This should be his busiest time of year.
Alex Israel's new book focuses on the first half of the book Kings, called I Kings because the Greek translation of the book divided the book in two, a convention that was accepted by Jews in The book of Kings as a whole deals with "the four hundred years of history from Solomon to the exile, from the advent of the Temple to its destruction" in BCE.
It describes the kings of the two nations, Judah and Israel, the politics, wars, and a significant problem of the era, idolatry. Alex Israel's book is subtitled "Torn in Two" because after Solomon's death in BCE, his son Rehoboam refused to accept the demands of the ten northern tribes to reduce taxation.
When he rebuffed them, they withdrew from the nation of Judah and formed their own country, which they called Israel. In the final chapter of I kings, King Ahab of Israel formed a short-lived alliance with King Jehoshaphat of Judah, but a prophet criticized the alliance.
Israel lasted for about years until it was conquered by Assyria. The ten tribes were driven into exile, and became known in history as "the ten lost tribes," although some of the inhabitants escaped south to Judah; so all the tribes continued to exist, although only Levites and the family of Aaron, the priests, know their lineage today.
This book describes the reign of thirteen kings, five from Judah and eight from Israel. Three of the thirteen stand out; one from Judah, Solomon, and two from Israel, Jeroboam, who organized the split from Judah, and Ahab, the husband of Jezebel who repeatedly repented his wrongs and then, perhaps provoked by Jezebel, reverted to the performance of improper acts.
Solomon attempted to strengthen the unity of Israel, but his son destroyed his goal. Solomon began his reign as a man devoted to God, he built Israel's first temple, but he ended his life seduced by his foreign wives to worship idols.
The biblical Elijah is radically different than the Elijah known through post-biblical legends. Alex Israel offers readers an explanation of each of the twenty-two chapters, discussing each in turn, in an easy to read, comprehensive, and insightful manner. For example, among much else, in explaining chapter 1, Israel answers why it was necessary to seek a virgin from "the entire country" to lay in King David's bed to warm him; couldn't "a suitable candidate have been found in a more limited local - the province of Judah, for instance?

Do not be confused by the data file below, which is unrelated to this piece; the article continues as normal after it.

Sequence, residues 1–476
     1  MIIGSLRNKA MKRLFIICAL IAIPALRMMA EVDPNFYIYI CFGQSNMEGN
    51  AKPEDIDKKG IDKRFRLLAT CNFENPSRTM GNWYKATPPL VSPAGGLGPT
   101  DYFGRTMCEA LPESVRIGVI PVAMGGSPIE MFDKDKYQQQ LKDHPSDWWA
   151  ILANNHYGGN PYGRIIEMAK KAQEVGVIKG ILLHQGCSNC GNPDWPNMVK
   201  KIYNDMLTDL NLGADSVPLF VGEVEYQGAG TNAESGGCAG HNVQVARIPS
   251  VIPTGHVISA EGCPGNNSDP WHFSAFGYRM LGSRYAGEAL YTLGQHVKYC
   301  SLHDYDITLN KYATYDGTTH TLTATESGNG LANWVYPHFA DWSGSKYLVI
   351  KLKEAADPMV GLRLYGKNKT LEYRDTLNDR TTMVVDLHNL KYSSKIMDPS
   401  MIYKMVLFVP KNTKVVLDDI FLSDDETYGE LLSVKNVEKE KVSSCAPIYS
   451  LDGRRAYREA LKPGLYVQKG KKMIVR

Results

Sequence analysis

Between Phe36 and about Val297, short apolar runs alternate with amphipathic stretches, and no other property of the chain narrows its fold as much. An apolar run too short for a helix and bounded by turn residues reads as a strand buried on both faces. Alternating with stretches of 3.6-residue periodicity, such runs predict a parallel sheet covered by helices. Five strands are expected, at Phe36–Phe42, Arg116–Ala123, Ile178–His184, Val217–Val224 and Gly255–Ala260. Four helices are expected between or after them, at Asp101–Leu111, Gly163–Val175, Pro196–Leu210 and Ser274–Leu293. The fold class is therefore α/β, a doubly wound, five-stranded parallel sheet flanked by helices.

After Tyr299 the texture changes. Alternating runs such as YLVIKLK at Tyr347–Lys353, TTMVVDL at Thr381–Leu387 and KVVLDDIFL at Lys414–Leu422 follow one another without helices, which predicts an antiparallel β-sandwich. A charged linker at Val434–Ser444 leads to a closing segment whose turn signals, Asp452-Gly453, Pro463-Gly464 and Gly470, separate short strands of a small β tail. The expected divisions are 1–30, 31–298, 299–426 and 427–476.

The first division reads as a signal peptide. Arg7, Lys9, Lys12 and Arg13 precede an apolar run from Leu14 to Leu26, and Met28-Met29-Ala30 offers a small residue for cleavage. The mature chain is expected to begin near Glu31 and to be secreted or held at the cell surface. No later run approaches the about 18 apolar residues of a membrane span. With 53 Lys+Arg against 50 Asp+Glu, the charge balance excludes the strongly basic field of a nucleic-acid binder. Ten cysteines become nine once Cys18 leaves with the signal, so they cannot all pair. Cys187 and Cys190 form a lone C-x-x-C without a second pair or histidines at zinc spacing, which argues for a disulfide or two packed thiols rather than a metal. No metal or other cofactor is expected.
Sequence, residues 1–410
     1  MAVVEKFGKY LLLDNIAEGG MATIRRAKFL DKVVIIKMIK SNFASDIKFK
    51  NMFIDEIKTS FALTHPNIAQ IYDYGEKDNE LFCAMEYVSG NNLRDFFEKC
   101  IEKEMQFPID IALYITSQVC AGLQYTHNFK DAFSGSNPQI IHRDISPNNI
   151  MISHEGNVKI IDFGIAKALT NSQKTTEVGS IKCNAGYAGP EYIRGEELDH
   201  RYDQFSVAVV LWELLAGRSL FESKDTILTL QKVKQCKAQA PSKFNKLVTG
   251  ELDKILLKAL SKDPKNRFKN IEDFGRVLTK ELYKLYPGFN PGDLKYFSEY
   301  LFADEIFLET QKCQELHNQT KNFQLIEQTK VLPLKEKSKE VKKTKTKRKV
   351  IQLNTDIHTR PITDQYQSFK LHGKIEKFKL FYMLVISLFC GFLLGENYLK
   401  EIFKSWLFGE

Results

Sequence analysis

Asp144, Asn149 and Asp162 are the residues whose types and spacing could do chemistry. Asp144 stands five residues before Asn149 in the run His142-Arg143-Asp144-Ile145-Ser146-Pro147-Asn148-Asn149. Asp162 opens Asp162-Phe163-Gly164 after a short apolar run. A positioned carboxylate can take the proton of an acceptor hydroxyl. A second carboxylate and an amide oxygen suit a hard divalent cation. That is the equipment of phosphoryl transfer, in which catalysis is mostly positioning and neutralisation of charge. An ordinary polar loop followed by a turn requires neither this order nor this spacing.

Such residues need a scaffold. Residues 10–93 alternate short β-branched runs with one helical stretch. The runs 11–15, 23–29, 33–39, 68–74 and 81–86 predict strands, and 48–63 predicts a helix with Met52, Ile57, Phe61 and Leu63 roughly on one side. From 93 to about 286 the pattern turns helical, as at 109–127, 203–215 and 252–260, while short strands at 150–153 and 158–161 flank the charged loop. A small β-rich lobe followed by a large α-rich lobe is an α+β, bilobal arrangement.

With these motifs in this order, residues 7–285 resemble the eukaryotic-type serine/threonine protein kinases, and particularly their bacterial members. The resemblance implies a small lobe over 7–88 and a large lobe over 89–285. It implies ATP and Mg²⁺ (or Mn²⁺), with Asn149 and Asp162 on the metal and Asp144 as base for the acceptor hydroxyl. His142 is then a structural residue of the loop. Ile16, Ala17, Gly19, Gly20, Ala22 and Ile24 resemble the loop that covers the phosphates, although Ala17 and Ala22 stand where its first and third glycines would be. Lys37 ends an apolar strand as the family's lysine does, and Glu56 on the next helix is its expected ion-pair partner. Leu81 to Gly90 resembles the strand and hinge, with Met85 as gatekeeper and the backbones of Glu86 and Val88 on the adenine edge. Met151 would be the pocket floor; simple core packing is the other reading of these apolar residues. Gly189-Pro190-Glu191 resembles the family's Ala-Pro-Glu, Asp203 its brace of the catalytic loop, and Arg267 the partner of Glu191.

In his explanation of chapter 2, again among much else, Israel explains why this son of David felt he could escape Solomon's attempt to kill him by seeking asylum by leaning on the altar.
The Torah states that the altar is not an asylum for a murderer. He also explains why Solomon felt he had to kill his brother. In his discussions of chapters 9 and 10, which describe the wealth and opulence of Solomon's reign, Israel warns readers that the Solomon chapters "bear a double reading.
But as one revisits these chapters a second time, especially with the awareness of Solomon's failures at the end of his reign, one appreciates that he did not fail overnight; darker strands are revealed, indicating the deep flaws that threatened the impressive national enterprise.
In chapter 11, Israel gives readers an insightful even-handed picture of Jeroboam who rebelled against Solomon's son and established a new kingdom for ten of the twelve tribes.
In chapter 12, he shows that the rivalry between Judah and Joseph - Jeroboam was from Joseph - goes back unabated to the time of Jacob's sons. While all the kings of Judah were descendants of David, the kings of the northern kingdom came from various tribes and repeatedly suffered untimely ends through bloody assassinations.
Jeroboam's son succeeded him but was assassinated by Baasha after ruling only two years. Baasha's son followed him as king but was also assassinated by Zimri after two years, and Zimri lasted only seven days. The history of these kings of Israel as well as the kings of Judah is a fascinating tale, especially with Alex Israel's explanations of the events.
Readers will enjoy this book and look forward to its sequel. Finis' experiences are unusual, even bizarre, but fascinating and thought-provoking. The book is written in language that reminded me of William Faulkner and was a pleasure to read.
Finis writes at age 30 about his experiences since childhood until he converted to Judaism at age He could recall events that transpired soon after he began to crawl. His parents, especially his mother, were from well-known and respected families of fundamentalist Southern Baptists living in the Deep South and leaders of the Movement.
It was assumed that he would follow family tradition and be the Movement's future leader. Yet, as far back as he could remember he asked questions about his family's beliefs and practices.FORGETFULNESS OF SELF WILLARD D.
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